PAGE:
The books refered to are the index record books of all births deaths and marriages. After 1837 all births deaths and marriages had to be registered. These were recorded in books at the registry offices. The books are no longer available to look at as they were getting too damaged by researchers. In place of the books are index records that identify individuals and give a reference to book and page on which the original details are held. If you ask for a certificate from the Public Record Office they will reproduce a copy of the original entry to create a birth, death or marriage certificate. This of course is user pays, at around 6 - 8 pounds a time. The PRO web site provides lots of info on family history research so you probably want to visit it ( http://www.pro.gov.uk/http://www.pro.gov.uk/ )
Index records are held on microfiche (plastic films) that are often held by county libraries or local genological societies. Failing that contact your local Family history centre under the Church of Latterday Saints in the phone book.
The kensington record I provided is for May Ann's birth and the Fulham record is of her marriage. If the marriage had been after 1912 then the surname of her partner would have been on the index record. Since its not you need to get a copy of her certificate to see who she married, her address and who the witnesses were. If you obtain the birth certificate it will give the names of the parents and the address they were living at.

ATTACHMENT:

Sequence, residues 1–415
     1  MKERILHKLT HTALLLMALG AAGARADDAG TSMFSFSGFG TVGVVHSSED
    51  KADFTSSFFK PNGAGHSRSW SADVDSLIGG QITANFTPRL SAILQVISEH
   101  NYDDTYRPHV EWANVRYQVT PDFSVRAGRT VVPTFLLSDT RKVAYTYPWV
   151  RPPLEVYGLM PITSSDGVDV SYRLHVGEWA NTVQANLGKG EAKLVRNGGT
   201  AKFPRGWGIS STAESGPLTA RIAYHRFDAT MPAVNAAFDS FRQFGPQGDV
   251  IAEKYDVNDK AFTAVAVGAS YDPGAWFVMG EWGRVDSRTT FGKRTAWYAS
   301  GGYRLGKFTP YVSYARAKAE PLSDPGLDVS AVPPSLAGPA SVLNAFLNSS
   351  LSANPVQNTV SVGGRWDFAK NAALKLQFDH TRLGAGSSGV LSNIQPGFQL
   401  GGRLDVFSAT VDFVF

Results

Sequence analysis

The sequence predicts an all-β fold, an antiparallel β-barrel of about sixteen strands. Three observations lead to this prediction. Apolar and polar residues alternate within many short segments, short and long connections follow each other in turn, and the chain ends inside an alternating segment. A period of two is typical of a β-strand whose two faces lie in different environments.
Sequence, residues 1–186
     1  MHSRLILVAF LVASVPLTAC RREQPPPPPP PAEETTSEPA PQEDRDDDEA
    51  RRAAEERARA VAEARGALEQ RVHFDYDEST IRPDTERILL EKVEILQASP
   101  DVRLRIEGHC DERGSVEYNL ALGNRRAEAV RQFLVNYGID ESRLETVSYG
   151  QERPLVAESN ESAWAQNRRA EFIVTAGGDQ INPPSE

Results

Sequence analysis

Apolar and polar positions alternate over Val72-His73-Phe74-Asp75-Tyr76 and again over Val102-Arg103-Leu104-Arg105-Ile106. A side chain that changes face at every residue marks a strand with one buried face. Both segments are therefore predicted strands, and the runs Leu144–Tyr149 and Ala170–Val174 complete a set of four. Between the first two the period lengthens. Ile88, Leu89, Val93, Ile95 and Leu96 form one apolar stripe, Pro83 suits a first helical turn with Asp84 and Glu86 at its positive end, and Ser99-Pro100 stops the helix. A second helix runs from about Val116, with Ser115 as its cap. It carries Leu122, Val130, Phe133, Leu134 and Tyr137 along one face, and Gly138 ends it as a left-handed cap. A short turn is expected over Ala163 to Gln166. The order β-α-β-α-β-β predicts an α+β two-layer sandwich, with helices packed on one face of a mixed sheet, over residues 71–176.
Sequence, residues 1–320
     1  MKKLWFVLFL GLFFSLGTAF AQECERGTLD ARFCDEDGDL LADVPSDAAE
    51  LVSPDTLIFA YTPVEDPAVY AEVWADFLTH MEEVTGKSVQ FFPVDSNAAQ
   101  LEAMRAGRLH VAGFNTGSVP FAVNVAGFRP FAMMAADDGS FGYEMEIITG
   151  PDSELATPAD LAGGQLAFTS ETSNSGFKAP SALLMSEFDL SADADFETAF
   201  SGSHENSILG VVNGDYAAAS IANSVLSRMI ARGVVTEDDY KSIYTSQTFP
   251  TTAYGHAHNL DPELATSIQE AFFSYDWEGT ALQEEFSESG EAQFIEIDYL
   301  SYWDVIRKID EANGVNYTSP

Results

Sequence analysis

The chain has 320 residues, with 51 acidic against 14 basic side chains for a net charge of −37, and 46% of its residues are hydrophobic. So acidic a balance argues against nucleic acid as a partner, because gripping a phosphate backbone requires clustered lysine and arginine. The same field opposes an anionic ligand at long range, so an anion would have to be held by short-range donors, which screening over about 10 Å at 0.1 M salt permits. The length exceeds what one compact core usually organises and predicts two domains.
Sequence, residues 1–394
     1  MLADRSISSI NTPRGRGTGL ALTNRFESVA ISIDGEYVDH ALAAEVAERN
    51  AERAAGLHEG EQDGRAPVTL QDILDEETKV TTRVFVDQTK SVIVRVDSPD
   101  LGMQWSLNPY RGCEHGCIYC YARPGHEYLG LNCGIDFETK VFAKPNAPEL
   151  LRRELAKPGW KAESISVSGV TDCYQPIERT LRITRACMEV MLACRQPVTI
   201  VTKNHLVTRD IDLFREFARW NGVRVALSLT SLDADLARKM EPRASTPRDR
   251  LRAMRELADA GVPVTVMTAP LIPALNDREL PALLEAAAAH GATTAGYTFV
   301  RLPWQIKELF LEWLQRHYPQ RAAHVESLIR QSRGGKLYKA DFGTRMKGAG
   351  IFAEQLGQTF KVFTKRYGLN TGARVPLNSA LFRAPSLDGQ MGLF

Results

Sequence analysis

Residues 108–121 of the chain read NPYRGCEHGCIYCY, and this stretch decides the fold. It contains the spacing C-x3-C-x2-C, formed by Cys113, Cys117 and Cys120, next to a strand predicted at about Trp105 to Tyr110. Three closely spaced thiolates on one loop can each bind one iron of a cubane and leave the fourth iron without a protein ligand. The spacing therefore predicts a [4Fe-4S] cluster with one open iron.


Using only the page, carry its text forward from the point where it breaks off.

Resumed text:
The index records show 2 different spellings of the name which is not unusual as lots of transcription mistakes were made when creating the indexes.
I cannot be 100% sure that the index records are of the person you are looking for but I would say its 90% based on my quick check.
I have copied all maslin index records from 1837 - 1940 so far and I'm working on the rest. If you look elsewhere in this forum you will see followups from David Maslin. David has copies all Maslin and Maslen index records and lots of others from church records. With luck you should be able to trace from 1550 - present day with a bit of luck and perseverance.
You also need to look on the web site for the Church of Latterday Saints who have spent years collecting family history records and this is where you will be able to trace back pre 1800.